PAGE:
This proposal aims to transform defunct ventilation shafts along the length of the Circle Line into a network of unique gardens. There are three mains stages, starting with constructing a prototype, installation of the first garden at 23/24 Leinster Gardens, and finally, rolling the proposal out to other ventilation shafts across London.
These shafts - a legacy from the steam era of the early Metropolitan and District Railways - remain hidden across London behind high walls and false facades in an attempt to conceal their presence. Though the shafts are no longer needed for venting trains’ steam, the continued presence of the London Underground below provides an untapped opportunity to introduce never-before-seen environments across the capital. From thirty viable shafts, the one at 23/24 Leinster Gardens, Westminster will be the first and the focus of this project. While others are hidden behind anonymous brick walls, this site is distinct for its false facade.
What we'll deliver:
Why it's a great idea:
Though London boasts many fantastic parks and green areas, real engagement with natural habitats is limited. While parks do provide ample access to a natural environment, they do so in a very controlled - very public - way, meaning that any sense of shared ownership and personal investment in the local habitat is diluted to the point of non-existence. This project aims to give Londoners an opportunity to appreciate the intimacy of tending to seeds and growth over time. With 40-year waiting lists for allotments this space is much needed, but with space at a premium in London new approaches are required.
With the creation of the Hanging Gardens, the urban legacy of London's industrialisation is exploited in ways that encourage its very antidote, providing quiet spaces to tend and bringing local communities together for the benefit of the local residents, shop keepers, and ecology.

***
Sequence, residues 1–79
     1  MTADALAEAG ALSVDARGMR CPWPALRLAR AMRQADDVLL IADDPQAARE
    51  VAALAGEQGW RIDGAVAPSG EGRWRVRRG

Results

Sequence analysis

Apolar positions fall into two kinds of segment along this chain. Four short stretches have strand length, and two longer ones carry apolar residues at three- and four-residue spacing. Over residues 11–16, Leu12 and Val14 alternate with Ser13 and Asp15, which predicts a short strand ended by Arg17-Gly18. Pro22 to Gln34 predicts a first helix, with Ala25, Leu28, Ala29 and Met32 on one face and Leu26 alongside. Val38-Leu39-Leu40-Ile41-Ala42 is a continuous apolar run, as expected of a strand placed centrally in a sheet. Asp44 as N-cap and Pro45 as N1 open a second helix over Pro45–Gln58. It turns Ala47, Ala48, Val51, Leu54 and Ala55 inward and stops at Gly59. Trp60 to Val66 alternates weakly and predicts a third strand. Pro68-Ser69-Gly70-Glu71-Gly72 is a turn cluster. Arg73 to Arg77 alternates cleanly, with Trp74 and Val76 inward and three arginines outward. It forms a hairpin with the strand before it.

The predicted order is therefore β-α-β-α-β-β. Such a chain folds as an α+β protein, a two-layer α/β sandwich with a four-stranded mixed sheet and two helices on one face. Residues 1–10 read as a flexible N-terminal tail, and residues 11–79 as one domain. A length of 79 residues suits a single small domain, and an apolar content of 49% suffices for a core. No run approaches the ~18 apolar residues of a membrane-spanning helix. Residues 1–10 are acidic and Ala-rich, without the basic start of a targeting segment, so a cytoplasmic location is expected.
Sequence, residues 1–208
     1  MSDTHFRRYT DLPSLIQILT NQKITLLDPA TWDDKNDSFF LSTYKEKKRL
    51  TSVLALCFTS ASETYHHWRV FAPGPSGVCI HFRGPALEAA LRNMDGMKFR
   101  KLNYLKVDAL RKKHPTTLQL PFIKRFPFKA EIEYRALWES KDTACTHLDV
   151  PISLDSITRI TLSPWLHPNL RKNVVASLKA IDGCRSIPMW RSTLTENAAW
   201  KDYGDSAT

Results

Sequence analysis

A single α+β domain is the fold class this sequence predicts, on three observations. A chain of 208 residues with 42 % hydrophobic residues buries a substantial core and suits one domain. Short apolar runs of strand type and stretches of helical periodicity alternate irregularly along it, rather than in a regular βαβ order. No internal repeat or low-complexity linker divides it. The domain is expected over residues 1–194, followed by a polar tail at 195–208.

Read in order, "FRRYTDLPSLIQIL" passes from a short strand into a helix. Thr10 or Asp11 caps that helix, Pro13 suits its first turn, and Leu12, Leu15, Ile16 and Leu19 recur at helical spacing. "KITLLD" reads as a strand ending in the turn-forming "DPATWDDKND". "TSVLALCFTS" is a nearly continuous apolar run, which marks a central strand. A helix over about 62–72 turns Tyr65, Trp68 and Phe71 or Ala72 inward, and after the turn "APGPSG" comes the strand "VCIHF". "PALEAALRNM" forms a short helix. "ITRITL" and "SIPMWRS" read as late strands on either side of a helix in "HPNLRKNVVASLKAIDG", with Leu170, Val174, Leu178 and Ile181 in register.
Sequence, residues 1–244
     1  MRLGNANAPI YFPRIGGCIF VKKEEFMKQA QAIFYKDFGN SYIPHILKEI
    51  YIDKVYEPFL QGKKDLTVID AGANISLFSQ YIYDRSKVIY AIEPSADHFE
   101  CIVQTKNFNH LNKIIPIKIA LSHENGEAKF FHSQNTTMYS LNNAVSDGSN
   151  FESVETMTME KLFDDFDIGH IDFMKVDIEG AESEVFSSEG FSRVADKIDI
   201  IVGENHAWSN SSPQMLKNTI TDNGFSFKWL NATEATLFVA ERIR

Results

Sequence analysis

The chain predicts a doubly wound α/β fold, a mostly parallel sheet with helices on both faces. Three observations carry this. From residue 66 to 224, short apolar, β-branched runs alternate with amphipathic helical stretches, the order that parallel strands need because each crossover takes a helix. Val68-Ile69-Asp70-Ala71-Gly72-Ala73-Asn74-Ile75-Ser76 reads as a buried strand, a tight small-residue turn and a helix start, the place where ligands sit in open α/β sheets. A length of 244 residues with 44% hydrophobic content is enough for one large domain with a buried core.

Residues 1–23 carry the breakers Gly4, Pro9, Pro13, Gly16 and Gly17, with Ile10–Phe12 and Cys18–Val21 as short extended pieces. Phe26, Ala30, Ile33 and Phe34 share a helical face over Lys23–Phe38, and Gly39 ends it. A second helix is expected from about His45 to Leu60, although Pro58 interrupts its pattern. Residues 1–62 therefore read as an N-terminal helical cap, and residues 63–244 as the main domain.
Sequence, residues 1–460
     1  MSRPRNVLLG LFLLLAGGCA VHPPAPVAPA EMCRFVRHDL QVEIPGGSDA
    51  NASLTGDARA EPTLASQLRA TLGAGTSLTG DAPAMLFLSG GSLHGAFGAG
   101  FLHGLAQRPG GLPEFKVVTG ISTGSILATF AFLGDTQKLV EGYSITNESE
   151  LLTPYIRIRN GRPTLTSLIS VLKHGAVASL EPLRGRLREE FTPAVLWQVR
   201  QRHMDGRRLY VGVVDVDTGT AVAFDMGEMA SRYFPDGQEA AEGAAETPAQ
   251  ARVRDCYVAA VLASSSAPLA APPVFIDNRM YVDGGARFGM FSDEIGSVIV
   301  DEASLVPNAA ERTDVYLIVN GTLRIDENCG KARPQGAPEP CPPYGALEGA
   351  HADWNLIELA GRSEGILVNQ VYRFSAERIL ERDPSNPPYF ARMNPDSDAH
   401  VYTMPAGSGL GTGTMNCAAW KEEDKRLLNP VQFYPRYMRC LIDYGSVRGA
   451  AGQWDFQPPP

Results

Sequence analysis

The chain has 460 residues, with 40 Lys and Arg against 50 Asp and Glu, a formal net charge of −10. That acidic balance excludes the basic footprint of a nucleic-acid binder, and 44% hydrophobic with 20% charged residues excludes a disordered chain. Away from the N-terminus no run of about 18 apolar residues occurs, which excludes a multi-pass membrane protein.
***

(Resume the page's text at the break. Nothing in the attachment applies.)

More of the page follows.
Steps to get it done:
The Hanging Gardens depend on forming a unique symbiotic relationship between the city and nature. Rain and sun from above are complemented by the micro-climate below: heat from the trains gives mediated year-round soil temperature, earth is enriched by airborne iron particles from brake linings, and unexpected fauna help sustain the unique ecosystem (e.g. the London Underground mosquito - Culex pipiens molestus - has evolved into an entirely distinct species and provides much-needed pollination at the outset). Natural growth combines with the by-products of an industrial legacy to breathe fresh life into London’s biodiversity and offer new ways for communities to engage with nature.
These biodiversity aims are shared by London Underground. In their Biodiverity Action Plan they describe how they aim to “conserve, and where reasonably practical to enhance, the biodiversity value of LU property”. As such, we hope to enter into talks with LU about the biodiversity benefits possible.
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